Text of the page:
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Nuclear fission, and potentially fusion, reactors generate vast amounts of energy, primarily as heat. What stops us from harnessing that energy to propel spacecraft at or above escape velocity from Earth?

I am aware that once a craft reaches escape velocity, we can power the craft with small reactors, Some craft are then accelerated with electronic ion accelerators.

My question is simply what restricts launching from the surface of Earth something powered by fission or fusion as the sole fuel.

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  • $\begingroup$ From a physics point of view, this is surely possible. The questions really are if it's cost effective and if it's safe. $\endgroup$ – Brick Oct 7 '15 at 23:30
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    $\begingroup$ Project Orion was at least semi-serious, if downright stupid... $\endgroup$ – Jon Custer Oct 7 '15 at 23:56
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There have been designs for such things. Try searching "nuclear salt water rocket" (or just go to the wikipedia page...).

Paper with a design (PDF link): http://path-2.narod.ru/design/base_e/nswr.pdf.

The author does not suggest it as a ascent or descent stage (presumably because the radioactive exhaust would make you unpopular with anyone who wanted to live near the landing or takeoff site), but as a high thrust, high efficiency propulsion system in space.

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I know very little about the subject but i do have this to offer.

Nuclear reactors make heat energy not kinetic energy. The conversion from one to the other would introduce many problems, weight being the main one.

People don't like the idea of sending something up that's radioactive and may come back down and "mess up" the ground with its radiation.

BUT!!!! there may be a way to use the power of a nuke to get stuff in space without any of the above worries! And humans have "accidentally" almost done it.

You will need to read this here

But the short of it is, you could put a nuke in a hole and then place the rocket on top. The force of the nuke will then push the rocket into space (its not that simple but its a basic concept) The rocket would still need some propellant for getting into orbit and general maneuvering. BUT it is possible to get an object to escape velocity using a nuke.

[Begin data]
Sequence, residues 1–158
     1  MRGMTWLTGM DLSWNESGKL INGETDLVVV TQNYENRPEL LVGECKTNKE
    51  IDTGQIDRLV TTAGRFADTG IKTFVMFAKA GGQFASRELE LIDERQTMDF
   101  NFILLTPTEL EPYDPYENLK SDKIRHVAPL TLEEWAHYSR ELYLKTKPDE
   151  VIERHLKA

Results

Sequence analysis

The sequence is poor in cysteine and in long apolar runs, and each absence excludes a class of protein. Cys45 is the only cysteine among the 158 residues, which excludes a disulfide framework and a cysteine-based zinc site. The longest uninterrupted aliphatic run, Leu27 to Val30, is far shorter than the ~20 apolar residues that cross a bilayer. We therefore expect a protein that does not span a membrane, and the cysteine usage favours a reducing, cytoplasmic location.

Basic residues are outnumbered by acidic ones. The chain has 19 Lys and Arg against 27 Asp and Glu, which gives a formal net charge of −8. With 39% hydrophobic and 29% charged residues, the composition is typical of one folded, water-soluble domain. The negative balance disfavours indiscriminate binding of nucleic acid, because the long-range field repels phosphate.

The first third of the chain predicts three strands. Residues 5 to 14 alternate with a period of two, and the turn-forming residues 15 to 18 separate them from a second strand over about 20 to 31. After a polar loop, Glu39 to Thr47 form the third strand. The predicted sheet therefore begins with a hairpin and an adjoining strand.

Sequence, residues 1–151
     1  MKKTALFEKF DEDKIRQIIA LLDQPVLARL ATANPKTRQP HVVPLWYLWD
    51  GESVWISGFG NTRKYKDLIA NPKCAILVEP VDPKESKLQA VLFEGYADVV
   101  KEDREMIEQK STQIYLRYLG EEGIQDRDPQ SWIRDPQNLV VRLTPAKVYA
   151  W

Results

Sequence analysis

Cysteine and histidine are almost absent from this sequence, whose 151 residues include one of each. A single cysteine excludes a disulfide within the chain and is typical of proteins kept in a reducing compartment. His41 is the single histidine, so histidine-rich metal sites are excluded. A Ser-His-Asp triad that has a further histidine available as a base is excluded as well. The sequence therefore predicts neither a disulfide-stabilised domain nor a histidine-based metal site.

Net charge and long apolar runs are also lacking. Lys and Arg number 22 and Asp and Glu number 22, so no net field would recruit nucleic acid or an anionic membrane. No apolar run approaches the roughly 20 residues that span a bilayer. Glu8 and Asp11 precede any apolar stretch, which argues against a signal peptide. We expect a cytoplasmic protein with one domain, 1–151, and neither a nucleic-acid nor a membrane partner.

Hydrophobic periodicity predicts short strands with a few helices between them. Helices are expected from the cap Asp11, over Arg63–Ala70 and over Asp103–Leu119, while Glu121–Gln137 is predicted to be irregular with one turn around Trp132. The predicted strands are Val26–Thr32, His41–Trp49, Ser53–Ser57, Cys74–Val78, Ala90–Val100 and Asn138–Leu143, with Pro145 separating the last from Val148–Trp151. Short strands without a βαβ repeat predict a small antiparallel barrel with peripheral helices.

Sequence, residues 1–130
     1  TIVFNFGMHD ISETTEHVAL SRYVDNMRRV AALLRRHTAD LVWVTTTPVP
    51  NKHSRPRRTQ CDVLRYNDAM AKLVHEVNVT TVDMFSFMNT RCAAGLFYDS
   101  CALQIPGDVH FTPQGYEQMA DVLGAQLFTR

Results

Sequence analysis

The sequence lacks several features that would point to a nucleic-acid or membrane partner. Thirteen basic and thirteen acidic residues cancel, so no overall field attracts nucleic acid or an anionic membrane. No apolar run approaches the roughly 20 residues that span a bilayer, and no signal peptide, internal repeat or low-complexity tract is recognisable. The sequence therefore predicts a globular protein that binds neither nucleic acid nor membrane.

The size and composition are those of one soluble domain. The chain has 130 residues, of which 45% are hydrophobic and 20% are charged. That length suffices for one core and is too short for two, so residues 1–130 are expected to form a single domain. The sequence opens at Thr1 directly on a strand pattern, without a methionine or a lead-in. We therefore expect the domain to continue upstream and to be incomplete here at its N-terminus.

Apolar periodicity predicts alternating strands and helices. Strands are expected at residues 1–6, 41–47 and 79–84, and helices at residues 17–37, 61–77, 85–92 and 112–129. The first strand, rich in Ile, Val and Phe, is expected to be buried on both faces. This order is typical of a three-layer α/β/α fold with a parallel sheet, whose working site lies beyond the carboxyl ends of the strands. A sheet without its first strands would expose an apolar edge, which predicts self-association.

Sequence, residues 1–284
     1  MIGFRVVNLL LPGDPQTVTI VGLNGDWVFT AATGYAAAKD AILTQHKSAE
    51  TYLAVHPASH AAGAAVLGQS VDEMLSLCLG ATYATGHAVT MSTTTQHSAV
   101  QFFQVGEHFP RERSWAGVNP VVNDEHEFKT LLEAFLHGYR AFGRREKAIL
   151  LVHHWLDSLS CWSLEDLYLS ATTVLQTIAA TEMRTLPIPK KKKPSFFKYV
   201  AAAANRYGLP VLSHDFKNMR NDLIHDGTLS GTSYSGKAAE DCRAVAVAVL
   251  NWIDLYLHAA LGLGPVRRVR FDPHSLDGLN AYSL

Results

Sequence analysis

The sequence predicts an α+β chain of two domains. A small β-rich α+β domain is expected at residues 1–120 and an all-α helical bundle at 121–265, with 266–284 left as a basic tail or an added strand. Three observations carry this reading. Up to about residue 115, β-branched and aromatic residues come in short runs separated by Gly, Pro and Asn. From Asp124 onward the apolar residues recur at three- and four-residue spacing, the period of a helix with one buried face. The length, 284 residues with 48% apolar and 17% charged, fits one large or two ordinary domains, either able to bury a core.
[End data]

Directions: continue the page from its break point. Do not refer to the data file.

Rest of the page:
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  • $\begingroup$ It's definitely an interesting concept, but I suspect that humanity will need to come a long way in material science before its practical. But the same thing was said about the jet engine. $\endgroup$ – Paul Spain Oct 8 '15 at 3:49
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I would say there are two main problems to consider. One is that heat is not the same as thrust, and the mechanisms we have to convert reactor heat to thrust would add such weight to the rocket that would never get off the ground.

Another problem is that the rate of energy generation required (power) would probably melt any reactor that we now have.

I expected that more quantitative explanations are available.

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  • $\begingroup$ "The power generated by the 5 F1 engines [Saturn V] of its first stage was in excess of 150 GW (1 GW = 1,000 MW). That’s roughly equivalent to the entire installed power generation capacity in India! Or nearly 2.5 times of the power generation capacity in Texas." Source: aparanjape.wordpress.com/2009/07/16/… $\endgroup$ – Gert Oct 8 '15 at 0:44
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It takes a tremendous amount of thrust to propel something from launch to orbit. A nuclear powered propulsion device doesn't lend itself well to this task, not to mention the risk of an accident, which for fission systems in particular, poses a large health and safety risk.

Once the craft has made it beyond the Earth's atmosphere however, both fission and fusion propulsion systems begin to look attractive when you consider their specific impulses.

http://www.dtic.mil/dtic/tr/fulltext/u2/a283968.pdf

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